Friday, September 30, 2005


... not to mention the Church of England. Hmmn ... well, that's a bit too much to swallow in one stanza, I'll grant you. But they're among the topics strung together, or implied, by David Aaronovitch's panoramic BBC2 documentary about religion and politics on Wednesday night. He was essentially asking whether the 'faith agenda' isn't in danger of toppling democracy into demagoguery, and "turning voters into acolytes rather than citizens" -- the latter being one of the show's more effective sound bites. What the faith leaders said, especially about religiously-based education was rather revealing, and I expect I will return to this topic.

I've done a fairly detailed comment and response to the Aaronovitch programme for Ekklesia (God and the politicians - where next?), where we are also trying to refocus some of the important issues that this (admittedly rather scatter-gun) docu-commentary raised in relation to post-Christendom, ecclesial participation and power, and the distinction/convergence between civil society and the state as arenas of engagement. The constraints of the general media lean one towards a bit too much of a capital-letter approach, I find. But hopefully we've at least averted some alternate thinking.

Also relevant to 'God and politics' is the tenor and approach of the election briefing Ekklesia did in May 2005, Subverting the manifestos. All this took me back to an article I wrote two years ago called, not uncontroversially, 'Keeping the wrong kind of religion out of politics'. I'm still reasonably happy with my summation there, which ends up as follows:

"My kingdom is not from this world", says Jesus. By which he does not mean that it makes no effective claim against worldly domination systems (it does), but that its authority and ethos come from God. As a Hebrew poet puts it: "Not by might, not by power, but by my Spirit says the Lord."

The main political impact of the Gospel, therefore, is to call into being a company of odd and unlikely people who, wherever possible, refuse to play by the standard political rules (defend, divide, demand) because they owe allegiance to the 'Lamb who was slain' and not to the slayers of lambs.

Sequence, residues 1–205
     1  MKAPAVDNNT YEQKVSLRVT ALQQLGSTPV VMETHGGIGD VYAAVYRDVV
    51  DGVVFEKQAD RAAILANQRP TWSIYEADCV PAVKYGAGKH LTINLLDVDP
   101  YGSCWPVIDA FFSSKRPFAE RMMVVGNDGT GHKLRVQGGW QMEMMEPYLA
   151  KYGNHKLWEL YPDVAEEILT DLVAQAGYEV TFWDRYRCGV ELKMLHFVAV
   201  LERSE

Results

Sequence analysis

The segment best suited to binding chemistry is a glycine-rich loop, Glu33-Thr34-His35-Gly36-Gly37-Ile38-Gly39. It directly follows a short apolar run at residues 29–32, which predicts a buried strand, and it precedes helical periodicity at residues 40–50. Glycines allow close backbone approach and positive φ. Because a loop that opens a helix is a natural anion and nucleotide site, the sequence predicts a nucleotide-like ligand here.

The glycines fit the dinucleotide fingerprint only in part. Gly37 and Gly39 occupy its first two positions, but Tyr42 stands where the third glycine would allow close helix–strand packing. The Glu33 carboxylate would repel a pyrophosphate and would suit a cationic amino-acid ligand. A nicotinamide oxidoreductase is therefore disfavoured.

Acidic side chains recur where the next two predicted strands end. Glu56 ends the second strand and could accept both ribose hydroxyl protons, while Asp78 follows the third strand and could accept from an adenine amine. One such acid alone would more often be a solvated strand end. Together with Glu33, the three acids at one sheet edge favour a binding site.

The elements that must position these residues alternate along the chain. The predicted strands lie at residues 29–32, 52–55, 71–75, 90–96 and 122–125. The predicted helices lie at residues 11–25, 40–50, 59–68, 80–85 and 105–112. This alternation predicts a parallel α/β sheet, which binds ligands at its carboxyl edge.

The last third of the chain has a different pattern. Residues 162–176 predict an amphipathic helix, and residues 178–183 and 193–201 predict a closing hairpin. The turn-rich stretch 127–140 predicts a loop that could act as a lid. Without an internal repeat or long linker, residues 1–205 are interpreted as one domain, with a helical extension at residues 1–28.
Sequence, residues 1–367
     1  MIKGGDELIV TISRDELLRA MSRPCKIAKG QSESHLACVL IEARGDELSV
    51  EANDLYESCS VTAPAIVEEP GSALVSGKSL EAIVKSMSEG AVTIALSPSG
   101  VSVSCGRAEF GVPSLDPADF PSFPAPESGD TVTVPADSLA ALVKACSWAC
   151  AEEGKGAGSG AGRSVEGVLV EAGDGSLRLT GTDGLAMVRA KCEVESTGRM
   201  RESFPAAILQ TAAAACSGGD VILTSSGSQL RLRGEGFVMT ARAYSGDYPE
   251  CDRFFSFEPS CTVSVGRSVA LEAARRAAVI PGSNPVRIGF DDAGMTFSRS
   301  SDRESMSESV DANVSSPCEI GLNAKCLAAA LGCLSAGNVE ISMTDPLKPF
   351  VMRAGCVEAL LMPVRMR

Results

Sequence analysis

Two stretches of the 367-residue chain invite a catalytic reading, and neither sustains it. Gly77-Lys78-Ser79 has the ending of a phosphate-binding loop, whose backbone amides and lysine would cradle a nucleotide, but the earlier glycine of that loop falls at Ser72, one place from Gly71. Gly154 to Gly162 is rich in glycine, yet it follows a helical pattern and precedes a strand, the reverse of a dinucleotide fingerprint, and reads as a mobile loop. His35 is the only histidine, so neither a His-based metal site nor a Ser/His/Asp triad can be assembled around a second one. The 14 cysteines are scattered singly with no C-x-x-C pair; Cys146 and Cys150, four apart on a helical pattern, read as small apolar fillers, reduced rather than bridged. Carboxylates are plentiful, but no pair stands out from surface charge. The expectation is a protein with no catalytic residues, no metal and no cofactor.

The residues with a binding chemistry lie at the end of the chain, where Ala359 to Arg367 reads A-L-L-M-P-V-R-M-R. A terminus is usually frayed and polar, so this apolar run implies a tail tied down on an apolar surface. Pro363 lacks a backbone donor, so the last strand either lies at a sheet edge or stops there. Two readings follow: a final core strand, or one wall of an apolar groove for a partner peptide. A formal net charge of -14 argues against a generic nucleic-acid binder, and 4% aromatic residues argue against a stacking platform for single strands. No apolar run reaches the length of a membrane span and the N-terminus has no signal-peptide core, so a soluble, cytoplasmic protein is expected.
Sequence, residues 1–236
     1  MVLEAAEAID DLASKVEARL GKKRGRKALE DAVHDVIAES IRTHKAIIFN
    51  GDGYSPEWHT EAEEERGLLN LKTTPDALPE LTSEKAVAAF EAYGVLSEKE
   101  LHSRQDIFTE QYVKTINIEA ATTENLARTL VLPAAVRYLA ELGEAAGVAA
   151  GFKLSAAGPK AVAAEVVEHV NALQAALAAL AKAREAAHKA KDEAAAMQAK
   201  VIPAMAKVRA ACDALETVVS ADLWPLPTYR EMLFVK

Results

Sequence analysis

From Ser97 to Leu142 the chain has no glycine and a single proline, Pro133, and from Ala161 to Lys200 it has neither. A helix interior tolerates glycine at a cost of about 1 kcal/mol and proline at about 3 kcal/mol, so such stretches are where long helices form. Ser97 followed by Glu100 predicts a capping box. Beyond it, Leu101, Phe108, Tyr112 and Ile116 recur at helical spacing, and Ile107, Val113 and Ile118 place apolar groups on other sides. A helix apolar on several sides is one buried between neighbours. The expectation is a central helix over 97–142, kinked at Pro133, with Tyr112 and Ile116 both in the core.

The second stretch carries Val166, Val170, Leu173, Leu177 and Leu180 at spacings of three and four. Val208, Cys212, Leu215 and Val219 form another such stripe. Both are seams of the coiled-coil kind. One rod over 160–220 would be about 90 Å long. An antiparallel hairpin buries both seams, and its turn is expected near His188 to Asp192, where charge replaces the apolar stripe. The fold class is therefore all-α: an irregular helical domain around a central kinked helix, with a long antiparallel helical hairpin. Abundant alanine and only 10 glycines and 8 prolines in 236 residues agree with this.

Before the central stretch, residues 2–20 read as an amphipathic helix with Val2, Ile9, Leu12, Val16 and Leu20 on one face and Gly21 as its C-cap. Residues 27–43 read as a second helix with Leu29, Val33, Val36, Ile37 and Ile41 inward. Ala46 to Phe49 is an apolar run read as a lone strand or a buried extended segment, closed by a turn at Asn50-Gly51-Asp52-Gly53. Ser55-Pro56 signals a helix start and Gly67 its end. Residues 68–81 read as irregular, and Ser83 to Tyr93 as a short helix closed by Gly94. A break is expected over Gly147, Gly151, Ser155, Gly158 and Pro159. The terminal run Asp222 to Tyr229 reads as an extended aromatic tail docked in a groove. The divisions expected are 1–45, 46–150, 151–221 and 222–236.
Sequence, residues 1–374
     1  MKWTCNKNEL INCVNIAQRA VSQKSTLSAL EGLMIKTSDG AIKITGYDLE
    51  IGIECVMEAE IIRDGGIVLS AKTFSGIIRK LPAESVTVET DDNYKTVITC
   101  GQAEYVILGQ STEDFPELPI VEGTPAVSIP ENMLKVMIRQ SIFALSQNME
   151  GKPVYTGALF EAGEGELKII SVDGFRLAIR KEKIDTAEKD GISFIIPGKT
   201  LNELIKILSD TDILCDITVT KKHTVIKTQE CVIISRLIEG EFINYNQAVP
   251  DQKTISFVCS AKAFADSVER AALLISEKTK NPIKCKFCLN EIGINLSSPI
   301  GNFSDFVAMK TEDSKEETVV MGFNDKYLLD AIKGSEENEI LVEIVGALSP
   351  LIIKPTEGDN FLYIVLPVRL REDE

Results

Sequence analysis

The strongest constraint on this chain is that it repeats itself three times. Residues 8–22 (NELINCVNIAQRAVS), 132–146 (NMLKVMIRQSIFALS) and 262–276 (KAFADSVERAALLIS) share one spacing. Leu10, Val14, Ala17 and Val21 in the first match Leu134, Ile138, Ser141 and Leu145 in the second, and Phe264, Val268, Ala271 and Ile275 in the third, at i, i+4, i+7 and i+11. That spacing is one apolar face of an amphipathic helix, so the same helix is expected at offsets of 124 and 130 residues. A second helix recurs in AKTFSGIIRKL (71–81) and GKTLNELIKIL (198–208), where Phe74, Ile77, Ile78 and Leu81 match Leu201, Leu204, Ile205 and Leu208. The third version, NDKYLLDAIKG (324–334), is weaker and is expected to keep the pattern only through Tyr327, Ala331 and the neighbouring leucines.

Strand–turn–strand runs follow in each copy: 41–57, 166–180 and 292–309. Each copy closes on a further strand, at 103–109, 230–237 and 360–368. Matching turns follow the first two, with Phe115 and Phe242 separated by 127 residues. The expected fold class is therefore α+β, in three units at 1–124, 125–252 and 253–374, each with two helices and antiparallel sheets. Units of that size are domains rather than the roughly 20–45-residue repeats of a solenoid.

Nowadays the church is a complex organisation as compromised as any other. But its origins are as ekklesia, a body called out to witness against 'the powers that be'. If Christian institutions have any useful future it is surely as harbingers of values, practices and structures that owe their shape and conviction to Jesus, rather than to other 'lords'?

This implies that the place for Christian politics is primarily in civil society, not ruling over people. It suggests that Christians should be the first to deny religious sanction to policies that fall radically short of the love of God, even when they are inextricably caught up in them. It militates against state religion and 'establishment'. It implies a particular interest in those who are excluded and damaged by the polis. It involves concern for others, not just for our own security.

So while Christians cannot sort out the problems of other religious communities in the public arena, they can certainly deal with their own. By showing how religion might be redeemed from wrongdoing they can also make a vital contribution to the wider political process.

That does not mean quietism, separatism or lack of realism. But it does rule out interventions in existing political systems of the kind that depend primarily on religious power and privilege, which support the manipulativeness of much political culture, which deny the efficacy of God's love to change us, which remain closed to the alternative vision of Jesus, and (perhaps above all) which leave the biblical texts that gave rise to the Gospel counter-story unredeemed by Jesus' categorical refusal of domination.

'Christian politics', if it exists as a particular category, is about Christians opening up a 'space for people to be people' (Jose Miguez Bonino) alongside others. This will be a space for creative resistance, re-valuation and construction: one which refuses to be accountable primarily to the distortions of power. Only a faith that is properly political in this sense can help keep the wrong kind of religion out of politics.

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